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An Article from the October 2003 JOM: A Hypertext-Enhanced Article
|Jonathan E. Spowart is with UES Incorporated in Dayton, Ohio; Herbert E. Mullens is with Wright State University in Dayton, Ohio; and Brian T. Puchala is with the University of Michigan in Detroit, Michigan.||
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Overview: Modeling and Characterization
Collecting and Analyzing Microstructures in Three Dimensions: A Fully Automated Approach
Figure 1. A macrograph of a “freckle chain” on the surface of a single-crystal superalloy casting. The solidification direction is <100>, which is horizontal in the figure.
Recent advances in computing power
have enabled the development of 3-D
microstructural models on all length
scales from atomistic simulations to
dislocation-dislocation interactions, 3-D
crystal plasticity models for deformation,
and 3-D fracture mechanics for
Serial sectioning is a well-established technique for obtaining 3-D microstructural data. In its simplest form, the technique involves the careful removal of a layer of material, followed by imaging of the freshly created surface. This is repeated many times in order to build up a series of two-dimensional (2-D) images (slices) which is then reconstructed (i.e., stacked) to form a data volume.
In the past, layer removal has been done by hand, using standard metallographic polishing techniques. This is a very delicate and time-consuming operation. In addition, the minimum slice thickness that can be repeatedly obtained in practice is 5–10 µm. Since a fundamental limitation of the serial sectioning technique is that features smaller than the minimum slice thickness will be missed, this places serious limitations on resolution. Furthermore, the repeated removal of a fixed depth of material by hand is challenging in a practical sense, and the accuracy of the final 3-D data volume depends entirely on the well-controlled removal of material in each slice. Add to this the time needed to carefully align and assemble the individual 2-D images and the prospect of obtaining a data volume comprising a few hundred slices becomes a daunting one.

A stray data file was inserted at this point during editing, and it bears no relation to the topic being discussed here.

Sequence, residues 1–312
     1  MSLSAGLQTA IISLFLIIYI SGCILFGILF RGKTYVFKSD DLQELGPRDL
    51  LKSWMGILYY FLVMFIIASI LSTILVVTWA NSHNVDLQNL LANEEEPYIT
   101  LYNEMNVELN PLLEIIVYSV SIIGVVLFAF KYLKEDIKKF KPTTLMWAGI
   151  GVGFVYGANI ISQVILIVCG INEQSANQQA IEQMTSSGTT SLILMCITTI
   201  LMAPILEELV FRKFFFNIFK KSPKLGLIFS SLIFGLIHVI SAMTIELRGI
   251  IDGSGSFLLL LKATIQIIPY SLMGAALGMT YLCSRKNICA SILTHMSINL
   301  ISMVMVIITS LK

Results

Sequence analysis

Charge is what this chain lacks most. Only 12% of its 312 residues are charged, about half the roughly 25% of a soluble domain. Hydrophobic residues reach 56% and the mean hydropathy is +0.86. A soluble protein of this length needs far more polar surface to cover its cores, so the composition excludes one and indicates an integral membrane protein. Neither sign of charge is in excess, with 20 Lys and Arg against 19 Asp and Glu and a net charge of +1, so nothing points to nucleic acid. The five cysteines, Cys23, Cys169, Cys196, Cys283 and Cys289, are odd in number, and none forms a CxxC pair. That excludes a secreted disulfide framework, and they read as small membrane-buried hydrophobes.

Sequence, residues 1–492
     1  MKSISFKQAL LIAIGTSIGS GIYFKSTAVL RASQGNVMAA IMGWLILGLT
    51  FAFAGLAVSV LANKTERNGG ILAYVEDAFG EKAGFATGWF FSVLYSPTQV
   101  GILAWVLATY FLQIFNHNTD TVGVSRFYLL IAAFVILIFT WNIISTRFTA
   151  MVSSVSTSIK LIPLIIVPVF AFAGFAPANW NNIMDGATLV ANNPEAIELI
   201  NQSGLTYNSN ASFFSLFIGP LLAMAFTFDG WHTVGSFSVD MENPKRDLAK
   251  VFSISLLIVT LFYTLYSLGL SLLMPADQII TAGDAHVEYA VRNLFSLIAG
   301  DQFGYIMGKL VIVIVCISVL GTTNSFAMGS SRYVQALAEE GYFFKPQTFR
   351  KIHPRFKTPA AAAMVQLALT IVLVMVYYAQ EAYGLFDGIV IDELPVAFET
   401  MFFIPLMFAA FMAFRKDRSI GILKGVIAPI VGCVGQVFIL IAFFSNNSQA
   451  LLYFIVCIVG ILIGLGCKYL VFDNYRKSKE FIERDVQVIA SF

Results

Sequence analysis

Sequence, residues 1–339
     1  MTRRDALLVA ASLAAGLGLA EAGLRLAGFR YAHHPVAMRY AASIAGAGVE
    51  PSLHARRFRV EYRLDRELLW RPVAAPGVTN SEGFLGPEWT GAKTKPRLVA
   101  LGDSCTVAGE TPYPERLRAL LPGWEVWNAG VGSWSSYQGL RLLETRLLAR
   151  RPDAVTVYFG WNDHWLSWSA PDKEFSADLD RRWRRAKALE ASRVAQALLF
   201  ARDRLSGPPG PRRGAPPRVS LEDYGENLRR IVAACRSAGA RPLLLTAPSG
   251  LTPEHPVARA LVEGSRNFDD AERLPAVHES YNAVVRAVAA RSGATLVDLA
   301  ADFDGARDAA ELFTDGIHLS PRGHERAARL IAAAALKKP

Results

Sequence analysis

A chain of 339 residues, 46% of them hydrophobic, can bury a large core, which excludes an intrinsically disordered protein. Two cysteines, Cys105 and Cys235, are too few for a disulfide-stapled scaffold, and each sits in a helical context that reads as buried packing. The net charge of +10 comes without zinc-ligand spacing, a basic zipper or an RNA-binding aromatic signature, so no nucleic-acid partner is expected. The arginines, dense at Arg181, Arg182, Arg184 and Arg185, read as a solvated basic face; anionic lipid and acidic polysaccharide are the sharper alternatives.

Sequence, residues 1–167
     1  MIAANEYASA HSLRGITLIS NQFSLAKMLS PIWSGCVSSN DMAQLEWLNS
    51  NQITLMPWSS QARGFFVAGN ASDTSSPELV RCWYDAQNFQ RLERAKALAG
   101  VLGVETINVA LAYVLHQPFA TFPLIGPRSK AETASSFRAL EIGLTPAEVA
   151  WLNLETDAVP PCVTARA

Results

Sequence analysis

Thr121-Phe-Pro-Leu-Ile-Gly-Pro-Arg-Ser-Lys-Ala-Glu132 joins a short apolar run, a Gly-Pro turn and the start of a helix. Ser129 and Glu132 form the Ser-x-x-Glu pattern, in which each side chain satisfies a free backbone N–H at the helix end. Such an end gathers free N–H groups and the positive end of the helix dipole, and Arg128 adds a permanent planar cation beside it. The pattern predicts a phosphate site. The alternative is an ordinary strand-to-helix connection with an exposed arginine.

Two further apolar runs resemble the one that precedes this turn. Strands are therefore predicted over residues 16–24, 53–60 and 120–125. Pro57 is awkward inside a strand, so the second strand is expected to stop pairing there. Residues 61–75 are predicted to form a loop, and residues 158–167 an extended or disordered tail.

Freckle Defects in Single-Crystal Ni-Superalloys
Recently, the Air Force Research
Laboratory’s Materials and Manufacturing
Directorate and UES, Incorporated demonstrated the capabilities of the
machine by using automated serial-sectioning
to extract the 3-D microstructural
features of freckle defects in an
experimental nickel-based superalloy
casting. Freckles are casting defects that
result in separate grains or sub-grains
on the surface of a single crystal or
directionally solidified casting. The
surface features often occur in “freckle
chains” extending along the solidification
direction, as shown in Figure 1.
Misoriented regions on the surface of the casting indicated the presence of complex sub-surface features that can extend deep into the interior of the crystal. After automated serial sectioning (130 slices, with a slice thickness of 2.7 ± 0.1 µm), the main body of the freckle is shown to be much larger than apparent on the surface (Figure 2, which is also available for viewing on-line as a QuickTime movie). The freckle region appears to be separated into smaller sub-domains, each with a slightly different crystallographic orientation. Nickel-based superalloys have been well documented1 as both elastically and plastically anisotropic. It is therefore likely that the effect of the spatial arrangement of these sub-domains coupled with their individual crystallographic orientations will strongly influence the stress state within the freckle. The 3-D information gathered in this study will therefore form part of a modeling effort to identify the combined effects of morphology and orientation on the criticality of freckle defects under specific loading conditions.
Figure 2. A 3-D rendering showing an 80 µm thick central region of a freckle defect in an experimental superalloy casting. The figure shows the spatial arrangement of different crystallographic sub-domains within the main freckle region as different gray levels. The largest sub-domain shows remnants of a dendrite structure, suggesting its origin as a dendrite tip from earlier in the casting process. The broken line shows the surface of the cylindrical casting.